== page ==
No More Workhorse Review
‘Heresy’ review: a fine piece of metatheatre
Where do you start to describe Heresy, “Ireland’s first electronic opera” by composer Roger Doyle? You can’t, and I won’t. Besides, there is no point. It’s not about the story. It’s not about the singing. To some extent, it’s not even about the music. Heresy is, from start to finish, an exquisitely conceptual and sophisticated piece of metatheatre in disguise of an opera.
Roger Doyle’s opera tells the story of the 16th century heretic Giordano Bruno, burned at the stake in 1600 for believing in the Copernican heliocentrism and a number of other revolutionary ideas. He was one of those fascinatingly eclectic figures of the Renaissance, who doesn’t stop wielding his influence over the centuries. Ever a symbol of free thinking, among others, he captivated the imagination of James Joyce, who referred to him several times in his Finnegan’s Wake. In turn, Doyle’s fascination with Joyce’s work spurred his interest in Giordano Bruno, and that’s how Heresy was born.
Heresy is here clearly a meta-title: the ‘heresy’ of the title refers as much to the protagonist Giordano Bruno as to the ‘heretics’ Roger Doyle and director Eric Fraad, and to the idea that opera can be anything different from the classical canon set by the great opera composers of the past. “Electronic opera” will in fact be read by many as an ‘heretical’ oxymoron; as heretical may seem the almost total lack of a live score (no orchestra!); while the musical, visual and dramatic lack of unity together with the multiplicity and juxtaposition of musical styles are all a very fitting artistic match for the multiple universes theorised by Bruno.
This provocation immediately prompts the question: what is opera? Or, more precisely, what is the essence of opera? Is opera synonymous with classical music? Does opera exhaust itself in bel canto? Or is opera a peculiar art form where music – any music – poetry and drama merge in a result that transcends its single parts to become something uniquely powerful and evocative, possibly the most soul penetrating art form to ever exist? If this is a more correct definition of opera, then the specific type of music stops becoming the defining element of opera and simply remains an element of the whole. We have to let go of Verdi and Puccini, we have to go beyond classical beauty, Doyle and Fraad seem to be saying.
That said, and although this was not the place to go to admire the virtuosity of the singers, there was some beautiful singing throughout the evening. As it says on Doyle’s website, “His music is a celebration of the multiplicity of musical languages and evolving technologies.” As well as some very eclectic music, there was some remarkable and/or unusual singing. First of all, Daire Halpin: Dublin’s audiences have had recently the chance to appreciate the lovely voice and technical prowess of this soprano in Opera Theatre Company’ Don Giovanni. Then there was the simply beautiful and already well trained voice of young soprano Aimee Banks (14), who was cast for the lack of a boy soprano (playing the young Bruno). Tenor Morgan Crowley played convincingly the central character, while Catriona O’Leary as a mezzo-soprano gave a counterpoint to the majority of high range voices in the performance. Last but not least, the male soprano Robert Crowe, whose category in itself is a rarity, as countertenors and the likes were mostly used in opera up to the 18th century. This peculiarity was used to great effect throughout the opera to convey, among other feelings, that of estrangement and ambivalence in the brilliant pre-trial scene between Bruno and Cardinal Bellarmine: far from being the monodimensional villain, the Cardinal here shows his intellectually seductive side in the verbal battle with Bruno, who claims to be on the side of truth: “Do you believe the truth to be a shining star? It’s a relative concept”. From a visual point of view, the total, shiny red of his suit, his sipping from a fine glass of wine, the iconic Barcelona chair on which he’s sitting, all contribute to the seductiveness of his character. If, to the variety of voices, you add the occasional use of falsetto and the mix of operatic and early music style of singing, you may start to understand the eclecticism of the whole work.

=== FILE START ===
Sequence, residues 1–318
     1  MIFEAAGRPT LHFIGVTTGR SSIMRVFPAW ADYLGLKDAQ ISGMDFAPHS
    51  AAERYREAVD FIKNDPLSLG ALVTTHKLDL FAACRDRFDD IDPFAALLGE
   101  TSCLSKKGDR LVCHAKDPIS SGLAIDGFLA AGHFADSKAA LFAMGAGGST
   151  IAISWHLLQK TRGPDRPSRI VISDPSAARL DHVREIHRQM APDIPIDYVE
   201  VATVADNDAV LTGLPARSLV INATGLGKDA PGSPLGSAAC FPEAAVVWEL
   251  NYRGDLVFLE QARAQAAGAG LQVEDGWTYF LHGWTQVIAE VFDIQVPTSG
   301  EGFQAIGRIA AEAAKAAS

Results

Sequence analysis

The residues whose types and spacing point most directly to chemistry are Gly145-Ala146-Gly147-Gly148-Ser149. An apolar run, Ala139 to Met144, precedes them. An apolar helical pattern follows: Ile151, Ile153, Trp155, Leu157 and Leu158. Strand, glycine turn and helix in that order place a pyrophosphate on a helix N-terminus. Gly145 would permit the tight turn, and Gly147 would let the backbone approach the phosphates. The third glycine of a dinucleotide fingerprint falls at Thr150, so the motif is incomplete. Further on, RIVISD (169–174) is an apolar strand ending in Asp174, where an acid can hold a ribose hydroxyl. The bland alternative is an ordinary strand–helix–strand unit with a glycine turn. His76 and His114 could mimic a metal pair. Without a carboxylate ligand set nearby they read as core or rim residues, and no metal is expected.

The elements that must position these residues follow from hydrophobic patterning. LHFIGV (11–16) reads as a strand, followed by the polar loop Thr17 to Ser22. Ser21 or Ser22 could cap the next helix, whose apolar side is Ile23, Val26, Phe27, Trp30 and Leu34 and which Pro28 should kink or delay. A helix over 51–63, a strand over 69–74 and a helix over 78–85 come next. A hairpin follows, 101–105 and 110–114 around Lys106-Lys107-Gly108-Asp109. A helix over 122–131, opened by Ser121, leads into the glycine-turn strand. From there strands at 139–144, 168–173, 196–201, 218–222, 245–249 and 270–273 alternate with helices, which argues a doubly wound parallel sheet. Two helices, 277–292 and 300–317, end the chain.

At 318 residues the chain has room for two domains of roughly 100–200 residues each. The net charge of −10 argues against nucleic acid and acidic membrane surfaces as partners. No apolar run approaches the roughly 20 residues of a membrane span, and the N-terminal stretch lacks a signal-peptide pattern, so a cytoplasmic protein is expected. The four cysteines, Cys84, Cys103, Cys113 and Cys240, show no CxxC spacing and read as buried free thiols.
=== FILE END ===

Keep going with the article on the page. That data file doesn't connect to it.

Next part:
From a dramatic point of view, the highlight was probably the scene of the trial in the second act: this was as moving as any “Madama Butterfly”: it brought tears to my eyes and left the audience breathless. Musically, here we had one of the few live music moments of the whole opera: the powerful beat of the drums underlined Bruno’s condemnation to death, as well as reminding us, by staggering contrast, of the (tragic?) lack of a live score, electronic or not, for most of the performance.
In the programmatic heterogeneity and intentional, multi-level cacophony of this work, every element of the staging worked in surprisingly perfect harmony: from the gaunt set design by Andrew Clancy to the imaginative and effective costumes by Bruno Schwengl, to the lighting design by Kevin McFadden. The libretto, by both Jocelyn Clarke and Eric Fraad, was spot on, both from a narrative point of view, with the original choice of episodes from Bruno’s life, and from a formal point of view, with the meaningful choice of words.